Top five tips for international mobile companies entering the US market

Steve Brumer, partner 151 Advisors, gives his two cents on breaking into the all-important American market.

Steve Brumer, partner 151 Advisors, gives his two cents on breaking into the all-important American market.

A common misconception among international mobile companies is that commercial success in the US market relies predominantly on a strong product or service. 

A solid offering is a vital component, but the key to ultimate success is establishing and implementing a focused market-entry strategy. 

The US offers tremendous opportunities for companies that understand the importance of developing and executing an effective launch strategy, based on market knowledge and industry contacts. We’ve helped several international companies accelerate their market penetration into the US. Here are the five most significant contributors to success we learned along the way.

1.    Understand the differences between your home market and the US market: 

Language barriers, cultural differences, laws, regulations and social behaviours influence all aspects of determining the most effective go-to-market strategy, from choosing the right distribution model to selecting the appropriate manufacturer rep firm. Many international companies operate in a culture in which a relatively long period of time is spent developing personal relationships. 

US companies move fast, and prolonged conversations can be perceived as a waste of time. It is crucial to quickly get to the point in business interactions. When meeting with a potential US customer or partner, the objective is to determine if a deal can be made and if so, the next steps that need to be taken in order to finalise the agreement.

2.    Secure strategic relationships with network carriers early on in the process: 

Identify and qualify which carriers have the sales, marketing and business development infrastructure that can best help your business succeed. Then, find the right person within the carrier, use connections to initiate conversations, and pitch them on your product, making sure to highlight ‘what‘s in it for them’. 

Once a partnership is established, cultivate that relationship so you can use it to your advantage. Associating your company with a larger US brand quickly builds credibility and opens numerous sales connections. Customer references and case studies from your native country are helpful, but getting the attention of large customers and securing a meeting with them can be difficult. Associating your company with a US carrier enhances your reputation and gives you instant credibility, eliminating the time-consuming process of working through traditionally difficult approval channels.

3.    Understand the certification, taxation and approval process:

International companies are not typically familiar with US certification, taxation and licensing requirements which often leads to shortfalls when budgeting for these costs, especially when dealing with government agencies, network carriers, certification houses or federal regulators.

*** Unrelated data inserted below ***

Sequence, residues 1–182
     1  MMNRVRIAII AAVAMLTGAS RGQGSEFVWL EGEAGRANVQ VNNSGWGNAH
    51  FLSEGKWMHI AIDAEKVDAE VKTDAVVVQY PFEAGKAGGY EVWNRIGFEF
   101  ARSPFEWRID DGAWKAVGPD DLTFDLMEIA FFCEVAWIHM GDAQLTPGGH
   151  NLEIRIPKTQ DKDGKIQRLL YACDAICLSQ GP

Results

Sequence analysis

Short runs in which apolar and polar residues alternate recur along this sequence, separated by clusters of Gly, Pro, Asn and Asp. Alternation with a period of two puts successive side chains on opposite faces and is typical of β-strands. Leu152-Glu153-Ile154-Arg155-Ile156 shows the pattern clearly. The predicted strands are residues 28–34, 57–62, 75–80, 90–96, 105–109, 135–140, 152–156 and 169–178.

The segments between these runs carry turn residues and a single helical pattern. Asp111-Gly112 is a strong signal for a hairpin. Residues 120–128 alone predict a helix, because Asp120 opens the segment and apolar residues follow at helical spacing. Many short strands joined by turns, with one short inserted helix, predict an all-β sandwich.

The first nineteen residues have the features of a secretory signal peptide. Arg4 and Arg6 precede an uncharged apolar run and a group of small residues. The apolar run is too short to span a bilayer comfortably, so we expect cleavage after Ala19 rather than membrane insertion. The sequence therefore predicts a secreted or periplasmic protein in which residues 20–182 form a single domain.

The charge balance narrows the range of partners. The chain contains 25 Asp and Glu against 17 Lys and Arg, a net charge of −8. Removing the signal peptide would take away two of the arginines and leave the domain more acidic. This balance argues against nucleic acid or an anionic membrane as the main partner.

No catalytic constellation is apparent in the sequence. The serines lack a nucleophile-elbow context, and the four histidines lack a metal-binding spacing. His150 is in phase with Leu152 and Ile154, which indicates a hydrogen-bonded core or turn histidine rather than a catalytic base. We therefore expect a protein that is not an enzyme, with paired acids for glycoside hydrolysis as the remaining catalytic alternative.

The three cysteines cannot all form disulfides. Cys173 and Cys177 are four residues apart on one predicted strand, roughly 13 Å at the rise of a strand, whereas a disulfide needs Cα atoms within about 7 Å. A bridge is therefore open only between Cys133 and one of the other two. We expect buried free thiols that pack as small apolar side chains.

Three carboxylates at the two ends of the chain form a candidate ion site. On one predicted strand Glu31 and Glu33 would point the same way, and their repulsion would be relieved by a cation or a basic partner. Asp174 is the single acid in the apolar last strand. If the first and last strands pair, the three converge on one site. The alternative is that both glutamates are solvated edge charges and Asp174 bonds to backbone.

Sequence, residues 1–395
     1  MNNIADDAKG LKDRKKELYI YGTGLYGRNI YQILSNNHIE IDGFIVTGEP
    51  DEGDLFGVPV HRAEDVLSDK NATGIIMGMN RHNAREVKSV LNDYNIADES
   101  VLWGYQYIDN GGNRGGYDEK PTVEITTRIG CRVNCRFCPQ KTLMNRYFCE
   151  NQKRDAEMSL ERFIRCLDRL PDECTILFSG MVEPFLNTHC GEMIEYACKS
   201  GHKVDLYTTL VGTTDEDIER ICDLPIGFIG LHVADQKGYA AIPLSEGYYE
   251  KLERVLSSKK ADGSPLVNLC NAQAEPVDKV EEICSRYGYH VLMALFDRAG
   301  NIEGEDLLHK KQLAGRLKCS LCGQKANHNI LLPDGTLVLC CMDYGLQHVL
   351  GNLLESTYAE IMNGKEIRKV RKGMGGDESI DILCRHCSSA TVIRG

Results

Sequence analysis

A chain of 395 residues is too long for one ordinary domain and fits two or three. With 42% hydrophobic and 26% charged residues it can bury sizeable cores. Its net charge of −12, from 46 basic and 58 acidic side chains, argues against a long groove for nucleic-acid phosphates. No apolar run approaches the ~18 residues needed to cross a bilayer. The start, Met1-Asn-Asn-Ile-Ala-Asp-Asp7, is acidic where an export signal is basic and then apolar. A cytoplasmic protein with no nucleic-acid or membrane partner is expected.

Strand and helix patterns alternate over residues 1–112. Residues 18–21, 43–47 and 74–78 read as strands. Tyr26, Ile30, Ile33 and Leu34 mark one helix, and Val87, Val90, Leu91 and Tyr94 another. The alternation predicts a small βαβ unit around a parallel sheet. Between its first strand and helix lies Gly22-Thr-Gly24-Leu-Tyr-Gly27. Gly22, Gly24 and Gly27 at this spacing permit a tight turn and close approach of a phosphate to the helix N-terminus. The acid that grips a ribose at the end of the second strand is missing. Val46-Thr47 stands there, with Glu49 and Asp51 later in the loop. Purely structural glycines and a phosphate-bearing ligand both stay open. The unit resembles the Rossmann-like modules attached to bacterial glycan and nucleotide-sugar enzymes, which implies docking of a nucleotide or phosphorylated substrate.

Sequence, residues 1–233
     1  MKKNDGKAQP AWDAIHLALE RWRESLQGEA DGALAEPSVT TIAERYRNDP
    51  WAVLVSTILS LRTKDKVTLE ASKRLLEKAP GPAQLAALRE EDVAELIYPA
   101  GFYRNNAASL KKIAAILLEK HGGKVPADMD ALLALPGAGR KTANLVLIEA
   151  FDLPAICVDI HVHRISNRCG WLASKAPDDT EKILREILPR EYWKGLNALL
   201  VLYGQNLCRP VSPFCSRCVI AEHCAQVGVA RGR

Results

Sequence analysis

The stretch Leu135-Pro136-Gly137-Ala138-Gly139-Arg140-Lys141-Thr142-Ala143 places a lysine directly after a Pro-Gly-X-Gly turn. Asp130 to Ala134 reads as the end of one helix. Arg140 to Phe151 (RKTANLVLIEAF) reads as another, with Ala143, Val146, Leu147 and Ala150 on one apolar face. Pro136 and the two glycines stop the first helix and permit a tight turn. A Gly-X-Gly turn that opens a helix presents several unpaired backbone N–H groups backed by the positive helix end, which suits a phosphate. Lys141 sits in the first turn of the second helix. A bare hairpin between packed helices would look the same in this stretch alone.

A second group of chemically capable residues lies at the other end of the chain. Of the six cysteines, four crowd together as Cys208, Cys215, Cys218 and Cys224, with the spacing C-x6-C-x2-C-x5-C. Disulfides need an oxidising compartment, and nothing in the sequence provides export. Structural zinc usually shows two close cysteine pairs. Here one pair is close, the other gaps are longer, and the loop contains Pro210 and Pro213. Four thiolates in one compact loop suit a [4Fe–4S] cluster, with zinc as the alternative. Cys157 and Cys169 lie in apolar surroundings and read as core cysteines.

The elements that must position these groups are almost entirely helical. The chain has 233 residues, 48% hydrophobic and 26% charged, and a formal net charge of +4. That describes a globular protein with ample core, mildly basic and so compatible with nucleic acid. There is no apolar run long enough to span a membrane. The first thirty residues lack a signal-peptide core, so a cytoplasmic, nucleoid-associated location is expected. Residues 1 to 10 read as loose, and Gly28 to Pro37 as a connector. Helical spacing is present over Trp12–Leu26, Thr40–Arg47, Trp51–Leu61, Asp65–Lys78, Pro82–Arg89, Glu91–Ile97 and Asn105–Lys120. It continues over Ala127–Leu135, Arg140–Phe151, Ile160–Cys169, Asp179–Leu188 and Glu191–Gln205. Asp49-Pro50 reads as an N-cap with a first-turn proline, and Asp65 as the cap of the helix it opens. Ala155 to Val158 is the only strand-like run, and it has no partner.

Issues can vary greatly by product offering, whether your company sells hardware, software, web services or a combination of products and services. Navigating the process is not easy, but finding the right partner to help guide you can reduce entry costs and speed time to market. 

4.    Define your marketing, positioning and branding strategy:

Find target markets or vertical niches that are not yet saturated by your competitors. US competitors will have a geographic advantage, so pick an industry vertical or regional market where you can introduce your product and rapidly gain traction. 

Then, clearly and concisely, explain the compelling differentiators and unique value of your product or service, and how it delivers a solid ROI for your target audience. An understanding of the US mobile market is particularly important here as your marketing approach should be deeply rooted in the demands of the marketplace. Track early signals that the US market is interested in your product or service and then emphasise those aspects of your business.

5.    Identify the most lucrative sales channel(s) and pricing strategy:

Experiment with pricing, but don’t get caught up in a price war. Rather than racing your competitor to the lowest possible price point, position your product as providing a superior solution to a particular market problem at a price that supports your sales strategy. You may need US-based technical and customer support, so be sure to account for those costs within your pricing strategy. 

Whether you choose to deploy a direct, indirect or online sales channel – or if you leverage a distributor or strategic partner – the associated sales, marketing and support costs must be taken into consideration as you find a sustainable price. 

Hunter Ruthven

Hunter Ruthven

Hunter was the Editor for from 2012 to 2014, before moving on to Caspian Media Ltd to be Editor of Real Business.